Dados, rabbits, mortise and tenon, dovetails, biscuits, and pocket hole screws. It just depends on the look and application you are after.

-- Willie, Washington "If You Choose Not To Decide, You Still Have Made a Choice" - Rush

View Ripthorn's profile


1459 posts in 3832 days

#3 posted 11-10-2011 04:37 AM

I used mine for the first time this last week building a little 3 drawer tool chest for my bench top. I loved it. The joints aren’t perfect, as my wood deicded to do some funny things, but it turned out pretty darned nice. I used it both for the outer casing and for the drawer frames. I like it.

-- Brian T. - Exact science is not an exact science

View jeff's profile


1239 posts in 4311 days

#4 posted 11-10-2011 05:10 AM

i have one and its simple to use and has provided good results with my newbie woodworking skills…

-- Jeff,Tucson,Az.

View Bradford's profile


1434 posts in 4669 days

#5 posted 11-10-2011 03:20 PM

If you look at my last post, you will see the project that I used the Kreg jig on. I loved using it. It was so simple and was as tight as glue could hold. I would recommend it it to new woodworkers to get them up and running fast. Then they can build upon their skill base as time progresses.

-- so much wood, so little time. Bradford. Wood-a-holics unanimous president

View ed220's profile


624 posts in 4240 days

#6 posted 11-10-2011 03:24 PM

I’ve used mine on furniture repairs also and it can’t be beat. Makes for a great repair. Have built a couple of tool carts with it ask. Like its strength even without the glue.

View richgreer's profile


4541 posts in 3921 days

#7 posted 11-10-2011 04:47 PM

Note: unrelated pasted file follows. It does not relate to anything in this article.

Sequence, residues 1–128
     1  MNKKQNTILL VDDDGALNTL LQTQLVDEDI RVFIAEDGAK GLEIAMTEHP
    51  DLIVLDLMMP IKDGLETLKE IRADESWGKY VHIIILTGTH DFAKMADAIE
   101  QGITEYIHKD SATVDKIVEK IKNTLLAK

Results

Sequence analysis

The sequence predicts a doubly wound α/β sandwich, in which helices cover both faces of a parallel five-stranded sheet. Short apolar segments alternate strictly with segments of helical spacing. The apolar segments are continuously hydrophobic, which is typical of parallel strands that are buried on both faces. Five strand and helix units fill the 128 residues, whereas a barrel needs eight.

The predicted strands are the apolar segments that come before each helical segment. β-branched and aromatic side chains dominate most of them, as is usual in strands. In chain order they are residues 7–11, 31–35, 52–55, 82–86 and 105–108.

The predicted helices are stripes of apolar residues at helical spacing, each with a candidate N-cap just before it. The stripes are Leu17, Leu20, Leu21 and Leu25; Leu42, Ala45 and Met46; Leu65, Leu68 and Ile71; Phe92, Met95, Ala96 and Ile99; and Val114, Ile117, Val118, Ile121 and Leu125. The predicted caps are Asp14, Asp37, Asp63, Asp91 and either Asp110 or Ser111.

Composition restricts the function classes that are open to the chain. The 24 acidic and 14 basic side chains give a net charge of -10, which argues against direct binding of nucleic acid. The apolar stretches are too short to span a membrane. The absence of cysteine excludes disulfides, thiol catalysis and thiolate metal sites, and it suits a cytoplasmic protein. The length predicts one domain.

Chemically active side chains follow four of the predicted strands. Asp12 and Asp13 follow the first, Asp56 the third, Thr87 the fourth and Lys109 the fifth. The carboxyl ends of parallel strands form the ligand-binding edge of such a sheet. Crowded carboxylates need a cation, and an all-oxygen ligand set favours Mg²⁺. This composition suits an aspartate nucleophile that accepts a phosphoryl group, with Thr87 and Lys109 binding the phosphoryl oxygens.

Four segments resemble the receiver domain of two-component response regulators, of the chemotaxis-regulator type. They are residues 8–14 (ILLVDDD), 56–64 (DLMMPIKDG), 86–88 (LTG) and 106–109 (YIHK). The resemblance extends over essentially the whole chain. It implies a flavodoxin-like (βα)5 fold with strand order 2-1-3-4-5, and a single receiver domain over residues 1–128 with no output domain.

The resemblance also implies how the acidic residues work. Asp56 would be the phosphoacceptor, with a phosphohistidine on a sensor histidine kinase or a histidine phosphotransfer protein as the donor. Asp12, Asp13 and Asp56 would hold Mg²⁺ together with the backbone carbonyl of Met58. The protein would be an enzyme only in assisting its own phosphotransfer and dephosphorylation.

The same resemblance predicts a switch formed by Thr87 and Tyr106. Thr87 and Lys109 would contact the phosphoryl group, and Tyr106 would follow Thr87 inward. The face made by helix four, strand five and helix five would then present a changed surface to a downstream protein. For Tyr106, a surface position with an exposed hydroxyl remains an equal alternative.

I’m a big fan of Kreg’s Pocket Hole system. However, I seldom use it where the holes will be visible on the final project.

I also use it for construction, as opposed to toe-nailing studs. It is almost as quick and it’s easier to keep the stud in place while you “put the screws to it”. It is also reversible. Yes, you can remove a stud that has been toe-nailed in place, but it is messy.

-- Rich, Cedar Rapids, IA - I'm a woodworker. I don't create beauty, I reveal it.

View knotscott's profile


8385 posts in 4222 days

#8 posted 11-11-2011 01:35 PM

Thanks for a well written review. I’m also a fan of pocket holes, and love the Kreg system. They’re sort of “life changing” the shop anyway. They literally change my joinery choices. Easy and effective. I started with a small double holed Kreg “Rocket”, and was later given a K-Pro3. The Pro system is nice, but most of the time I just use the portable double jig from the Rocket. For anyone who’s not sure about pocket holes but wants to give them a try, the basic $20 jig is a great choice IMO.

-- Happiness is like wetting your pants...everyone can see it, but only you can feel the warmth....

View hafassartist's profile


41 posts in 3234 days

#9 posted 11-13-2011 01:57 PM

I would not use it to build a fine heirloom piece of furniture but i do use it to build my face frames for kitchen cabinets it is fast and strong.

View John's profile


341 posts in 4645 days

#10 posted 01-17-2012 08:45 PM

good review; thanks!

i bought this little kit as a supplement to the full K3 system because it was just a couple bucks more than the drillbit by itself – now i have two bits and this little jig which comes in handy for holes i decide to drill (i.e. forgot to drill) during assembly.

-- John - Central PA -

View bmwrider1's profile


15 posts in 3338 days

#11 posted 02-08-2012 08:51 PM

You guys just helped me make up my mind on this one. Right now they are @ 20% off and a $15 rebate what a good price that is.